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Having worked for the past 20 years with many different businesses, all at different stages in their development, we have some relevant experience to share with you as to how you can make the most of your relationship with your accountant.
Unfortunately, it is true to say that many business people see their accountant as someone who turns up once a year to carry out the annual audit, or someone who only appears when there is a problem or money to be paid out. In these circumstances the relationship is not exactly a warm one, and is certainly not very beneficial to the growth of the business.
On the other hand, there are people who have included their accountant as a key part of the decision making function in their business and these are the businesses that tend to survive and grow steadily.
So how can you make your relationship with your accountant contribute more to the long-term growth of your business?
First we need to look at what is the role of the accountant within the business, and to identify the relationship between the accountant and the business. It is very important to know what stage of development the business is in, as this has a major impact on the level of input required from an accountant. Ultimately, to make the most use of the relationship the business has with its accountant, the client needs to work pro-actively with the accountant as they move forward.
So, what role do accountants have within businesses? Like any other management function, accountants have both an operational role, in terms of the daily financial transactions of the business, and a strategic role, where they are involved in the long term investment decisions of the business. There is also an advisory role, where they are used as a sounding board for new ideas.
What relationship do businesses have with their accountant? Do they just have an external auditor who, once a year, carries out the statutory audit and compliance function for the business, perhaps with little or no interim financial information? Is there an internal financial controller or accountant? Or does the business have an external accountant who provides management information and performs the year end audit? Any business that does not have access to either internal or ongoing external financial expertise is dramatically increasing the chances of business failure.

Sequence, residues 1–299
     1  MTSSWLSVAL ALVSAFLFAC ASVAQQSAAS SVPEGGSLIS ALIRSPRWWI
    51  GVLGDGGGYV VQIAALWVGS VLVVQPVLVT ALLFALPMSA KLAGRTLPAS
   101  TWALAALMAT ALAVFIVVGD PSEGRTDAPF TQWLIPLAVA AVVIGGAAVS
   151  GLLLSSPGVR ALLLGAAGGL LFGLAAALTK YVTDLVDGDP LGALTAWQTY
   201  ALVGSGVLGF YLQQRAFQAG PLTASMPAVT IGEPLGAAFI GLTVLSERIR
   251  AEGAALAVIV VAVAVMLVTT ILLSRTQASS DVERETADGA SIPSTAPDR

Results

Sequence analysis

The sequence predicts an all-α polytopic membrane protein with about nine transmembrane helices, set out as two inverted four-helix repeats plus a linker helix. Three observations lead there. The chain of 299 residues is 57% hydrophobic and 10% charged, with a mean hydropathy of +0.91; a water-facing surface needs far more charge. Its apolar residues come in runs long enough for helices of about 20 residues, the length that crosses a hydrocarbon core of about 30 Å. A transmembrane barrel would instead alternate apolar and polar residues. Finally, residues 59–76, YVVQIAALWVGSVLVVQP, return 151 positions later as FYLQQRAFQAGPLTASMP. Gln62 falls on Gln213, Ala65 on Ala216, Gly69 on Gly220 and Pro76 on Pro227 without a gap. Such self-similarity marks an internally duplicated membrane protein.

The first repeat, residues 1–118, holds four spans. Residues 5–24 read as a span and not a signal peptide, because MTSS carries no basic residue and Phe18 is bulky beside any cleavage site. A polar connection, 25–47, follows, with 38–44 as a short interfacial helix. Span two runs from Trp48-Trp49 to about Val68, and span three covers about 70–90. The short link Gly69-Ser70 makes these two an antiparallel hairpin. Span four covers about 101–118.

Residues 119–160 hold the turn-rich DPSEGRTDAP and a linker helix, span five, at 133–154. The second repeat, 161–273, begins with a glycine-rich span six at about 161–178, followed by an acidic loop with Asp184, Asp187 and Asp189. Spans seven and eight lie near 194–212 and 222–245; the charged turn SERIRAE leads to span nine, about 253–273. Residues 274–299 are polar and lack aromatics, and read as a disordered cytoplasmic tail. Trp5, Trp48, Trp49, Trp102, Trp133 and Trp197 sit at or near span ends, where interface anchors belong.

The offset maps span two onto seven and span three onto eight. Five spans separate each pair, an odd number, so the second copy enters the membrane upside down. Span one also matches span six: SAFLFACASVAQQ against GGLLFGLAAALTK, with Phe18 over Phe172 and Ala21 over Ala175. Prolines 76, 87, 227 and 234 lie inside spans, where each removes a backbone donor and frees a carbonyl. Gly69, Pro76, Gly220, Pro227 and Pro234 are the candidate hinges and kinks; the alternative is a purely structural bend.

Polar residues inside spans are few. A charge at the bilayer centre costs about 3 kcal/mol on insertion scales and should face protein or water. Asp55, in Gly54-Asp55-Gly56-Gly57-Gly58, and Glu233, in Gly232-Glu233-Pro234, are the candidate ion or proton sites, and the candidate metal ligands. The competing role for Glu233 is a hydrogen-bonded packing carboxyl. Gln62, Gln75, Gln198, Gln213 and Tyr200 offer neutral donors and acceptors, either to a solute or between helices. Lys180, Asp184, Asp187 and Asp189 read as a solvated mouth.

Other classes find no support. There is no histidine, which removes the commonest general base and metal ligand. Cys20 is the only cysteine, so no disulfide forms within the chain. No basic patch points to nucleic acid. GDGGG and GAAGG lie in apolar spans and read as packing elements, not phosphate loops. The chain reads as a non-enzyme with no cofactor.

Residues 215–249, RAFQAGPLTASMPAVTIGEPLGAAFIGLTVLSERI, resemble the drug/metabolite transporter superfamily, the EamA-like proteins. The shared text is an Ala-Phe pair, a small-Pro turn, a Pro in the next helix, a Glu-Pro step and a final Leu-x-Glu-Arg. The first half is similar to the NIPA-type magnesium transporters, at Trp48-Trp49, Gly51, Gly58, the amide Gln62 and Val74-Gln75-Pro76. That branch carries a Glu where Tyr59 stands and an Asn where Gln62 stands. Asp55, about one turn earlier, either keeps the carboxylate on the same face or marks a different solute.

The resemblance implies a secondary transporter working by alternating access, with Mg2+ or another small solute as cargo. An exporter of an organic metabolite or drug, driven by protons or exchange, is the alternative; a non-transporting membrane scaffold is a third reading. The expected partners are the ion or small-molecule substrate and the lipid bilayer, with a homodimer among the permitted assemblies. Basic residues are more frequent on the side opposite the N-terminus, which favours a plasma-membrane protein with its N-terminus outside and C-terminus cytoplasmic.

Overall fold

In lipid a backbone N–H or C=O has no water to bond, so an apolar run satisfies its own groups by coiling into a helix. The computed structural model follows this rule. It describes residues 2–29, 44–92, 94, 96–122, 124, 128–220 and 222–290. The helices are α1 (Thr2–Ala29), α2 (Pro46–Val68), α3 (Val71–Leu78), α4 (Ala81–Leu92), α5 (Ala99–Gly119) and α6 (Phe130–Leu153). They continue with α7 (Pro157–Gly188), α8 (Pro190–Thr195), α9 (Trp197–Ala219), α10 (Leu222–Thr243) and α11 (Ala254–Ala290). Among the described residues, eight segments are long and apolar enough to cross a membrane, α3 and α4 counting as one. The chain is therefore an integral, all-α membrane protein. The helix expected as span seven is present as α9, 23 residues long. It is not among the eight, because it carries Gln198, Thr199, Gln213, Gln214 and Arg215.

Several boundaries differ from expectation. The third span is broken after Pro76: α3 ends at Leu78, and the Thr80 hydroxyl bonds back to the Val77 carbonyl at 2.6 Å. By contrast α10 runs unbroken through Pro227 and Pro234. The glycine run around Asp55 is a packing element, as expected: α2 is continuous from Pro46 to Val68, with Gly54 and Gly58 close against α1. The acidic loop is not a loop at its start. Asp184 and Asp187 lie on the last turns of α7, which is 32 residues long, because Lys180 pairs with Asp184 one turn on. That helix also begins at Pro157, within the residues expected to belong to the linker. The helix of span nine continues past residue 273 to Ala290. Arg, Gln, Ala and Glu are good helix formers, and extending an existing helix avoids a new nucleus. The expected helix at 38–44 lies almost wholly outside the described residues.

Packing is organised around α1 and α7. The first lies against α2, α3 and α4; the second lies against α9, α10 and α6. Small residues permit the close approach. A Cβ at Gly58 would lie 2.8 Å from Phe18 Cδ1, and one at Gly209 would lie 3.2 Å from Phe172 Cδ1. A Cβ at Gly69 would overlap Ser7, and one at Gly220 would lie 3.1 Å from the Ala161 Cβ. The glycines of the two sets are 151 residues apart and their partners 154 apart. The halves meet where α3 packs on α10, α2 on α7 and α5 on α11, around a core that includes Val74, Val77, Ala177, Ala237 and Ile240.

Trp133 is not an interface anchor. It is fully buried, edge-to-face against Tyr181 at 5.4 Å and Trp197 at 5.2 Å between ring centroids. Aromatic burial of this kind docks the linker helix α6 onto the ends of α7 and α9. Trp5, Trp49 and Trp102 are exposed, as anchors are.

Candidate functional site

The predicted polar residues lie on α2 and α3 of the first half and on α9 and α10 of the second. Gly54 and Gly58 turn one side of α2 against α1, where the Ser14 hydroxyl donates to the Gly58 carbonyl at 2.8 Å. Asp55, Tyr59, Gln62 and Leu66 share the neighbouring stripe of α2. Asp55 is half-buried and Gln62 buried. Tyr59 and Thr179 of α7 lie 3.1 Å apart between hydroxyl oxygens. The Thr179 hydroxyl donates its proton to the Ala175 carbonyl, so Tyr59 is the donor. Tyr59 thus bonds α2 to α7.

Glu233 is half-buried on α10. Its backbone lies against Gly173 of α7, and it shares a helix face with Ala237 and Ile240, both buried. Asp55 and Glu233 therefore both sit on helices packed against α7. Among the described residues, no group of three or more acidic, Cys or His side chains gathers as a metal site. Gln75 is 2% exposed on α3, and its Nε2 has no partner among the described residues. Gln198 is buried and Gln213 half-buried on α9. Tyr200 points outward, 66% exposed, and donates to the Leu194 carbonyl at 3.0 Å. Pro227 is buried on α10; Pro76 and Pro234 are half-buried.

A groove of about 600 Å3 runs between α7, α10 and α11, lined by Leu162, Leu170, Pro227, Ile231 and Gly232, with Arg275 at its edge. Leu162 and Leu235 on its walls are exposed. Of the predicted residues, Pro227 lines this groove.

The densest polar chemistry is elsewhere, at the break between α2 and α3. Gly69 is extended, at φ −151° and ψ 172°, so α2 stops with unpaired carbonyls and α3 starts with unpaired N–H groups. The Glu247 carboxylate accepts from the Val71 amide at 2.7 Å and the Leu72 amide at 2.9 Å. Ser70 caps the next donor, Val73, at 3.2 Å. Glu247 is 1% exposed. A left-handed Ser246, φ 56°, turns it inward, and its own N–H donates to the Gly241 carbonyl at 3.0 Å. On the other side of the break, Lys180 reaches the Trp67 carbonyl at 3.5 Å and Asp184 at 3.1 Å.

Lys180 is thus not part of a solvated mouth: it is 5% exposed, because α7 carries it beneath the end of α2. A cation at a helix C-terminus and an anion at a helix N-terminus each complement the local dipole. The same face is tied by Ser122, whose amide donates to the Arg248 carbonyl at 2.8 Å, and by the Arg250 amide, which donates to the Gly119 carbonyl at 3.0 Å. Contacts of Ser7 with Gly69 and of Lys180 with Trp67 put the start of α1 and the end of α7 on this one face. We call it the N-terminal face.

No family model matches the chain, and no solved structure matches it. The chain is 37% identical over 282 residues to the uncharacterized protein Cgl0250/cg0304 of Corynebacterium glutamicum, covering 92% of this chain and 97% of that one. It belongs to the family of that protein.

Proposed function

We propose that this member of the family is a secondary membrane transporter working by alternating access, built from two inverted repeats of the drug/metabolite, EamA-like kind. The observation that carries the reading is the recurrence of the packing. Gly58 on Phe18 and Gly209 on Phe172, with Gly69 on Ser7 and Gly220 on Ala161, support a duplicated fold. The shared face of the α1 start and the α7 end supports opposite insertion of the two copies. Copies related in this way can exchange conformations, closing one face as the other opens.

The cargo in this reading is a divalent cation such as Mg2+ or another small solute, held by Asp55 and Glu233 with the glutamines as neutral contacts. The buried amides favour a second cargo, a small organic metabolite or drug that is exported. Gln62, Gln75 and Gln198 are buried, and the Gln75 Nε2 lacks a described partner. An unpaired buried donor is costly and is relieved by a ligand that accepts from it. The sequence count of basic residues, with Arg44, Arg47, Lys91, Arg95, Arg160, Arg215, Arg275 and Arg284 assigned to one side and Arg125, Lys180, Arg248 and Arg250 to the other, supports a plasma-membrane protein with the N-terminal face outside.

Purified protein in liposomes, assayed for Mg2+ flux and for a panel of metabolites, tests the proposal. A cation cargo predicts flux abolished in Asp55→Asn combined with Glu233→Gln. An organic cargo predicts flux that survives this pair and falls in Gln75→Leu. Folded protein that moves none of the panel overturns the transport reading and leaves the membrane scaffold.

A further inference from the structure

In terms of making the most of the business’s relationship with the accountant it is important to understand what the business needs from its accountant. Firstly, there is the statutory burden on Directors and owner-managers in terms of complying with the ever increasing reporting and taxation deadlines. But there is also the practical need for up to the minute accurate financial information on how the business is performing, how the costing and pricing structure within the business is operating, and the ability to look at risk and return on growth related investment.
So, what can the accountant do for the business? Whether internal or external, the accountant should provide monthly or quarterly management accounts with comparisons against budgets. There should be active budgeting and financial planning carried out each year, and I don’t just mean taking last year’s figures and adding on a percentage across the board. The accountant will help in dealing with the business’s banks and other lenders, and in dealing with the Revenue / CRO . All capital investment decisions should have sound financial workings carried out so that decisions are not made in a vacuum.
To help you make the most of your relationship with your accountant, we encourage you to include the accountant at an early stage in the decision making process. We encourage you to invest the time and resources in putting in place a full recording system for the financial transactions of the business, and then to have the accountant produce management accounts, no matter how simple or complex. Insist that the costing and pricing structures within the business are regularly examined to adjust for changes in the market. Most of all, we encourage you to recognise that decisions made without at least having knowledge of all the financial implications, more often than not tend to be bad decisions.
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